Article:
Bear on the Square Coming to Dahlonega


It’s that time of year, again. Dahlonega’s beloved Bear on the Square festival celebrating Appalachian culture is returning this weekend, April 14-16, for its 25th year.

The volunteer-led festival features a variety of musical performances from dozens of enthusiasts of the Appalachian music tradition, who play instruments ranging from mandolins to hammered dulcimers. Additionally, attendees should expect dozens of booths hosted by local craftsmen who create artisanal products like jams, pottery and jewelry.

University of North Georgia Assistant Professor of Music Dr. Marie Graham says the festival will run all weekend, with “pick-up musicians jamming in the square on every corner.” The festival, Graham says, will feature “workshops, performances, food vendors and artists in Hancock Park and on the square.”

Dr. Chuck Robertson, psychology professor, who is the UNG co-liason along with Graham, says they still need student volunteers to engage with a number of available opportunities to help ensure the historically busy festival is well-organized. 

Senior psychology major Isabella Darwish says she enjoyed her experience volunteering for the festival last year. “It’s a really unique experience for students and people in general because the artists display things you may not find in a regular store,” Darwish says. She says the festival is not just a celebration of Appalachian arts and history, but also of local artists and their trades.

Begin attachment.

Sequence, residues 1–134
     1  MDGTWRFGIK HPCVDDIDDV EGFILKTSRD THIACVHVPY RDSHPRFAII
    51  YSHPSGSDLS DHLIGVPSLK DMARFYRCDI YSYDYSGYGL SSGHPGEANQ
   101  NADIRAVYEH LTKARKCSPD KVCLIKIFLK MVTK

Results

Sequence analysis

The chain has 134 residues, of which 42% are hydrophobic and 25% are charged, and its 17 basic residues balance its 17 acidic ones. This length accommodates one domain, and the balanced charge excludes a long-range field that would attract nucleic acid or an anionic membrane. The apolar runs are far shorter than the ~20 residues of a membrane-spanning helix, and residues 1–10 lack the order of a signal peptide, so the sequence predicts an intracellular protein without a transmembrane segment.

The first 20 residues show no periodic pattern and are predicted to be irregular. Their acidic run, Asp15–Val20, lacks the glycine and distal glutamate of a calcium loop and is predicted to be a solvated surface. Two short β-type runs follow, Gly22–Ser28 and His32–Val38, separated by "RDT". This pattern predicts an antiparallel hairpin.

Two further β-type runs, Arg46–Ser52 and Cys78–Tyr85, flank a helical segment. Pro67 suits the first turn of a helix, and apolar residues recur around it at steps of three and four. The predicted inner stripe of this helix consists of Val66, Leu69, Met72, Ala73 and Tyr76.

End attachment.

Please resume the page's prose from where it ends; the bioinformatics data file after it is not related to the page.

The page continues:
Senior cybersecurity major Annelyssa Destin, who will be the bear on the square, says she did not realize the festival involved a bear mascot prior to actually becoming the mascot for the event. “Students should go to Bear on the Square because it is a long-standing tradition in Dahlonega,” says Destin. Destin says Graham suggested she be the mascot, “I was honored to be asked to be the bear and I believe it will be such a fun experience,” says Destin. “My job at the festival is to greet patrons and be available for pictures.” As students, Destin says, we make up the majority of the population and should participate in this community-oriented event. 

Graham says Dahlonega is a prime setting for such a celebration of Appalachian culture in North Georgia given its “rich tradition of Appalachian folk music, old-time string bands, fiddle and dance.”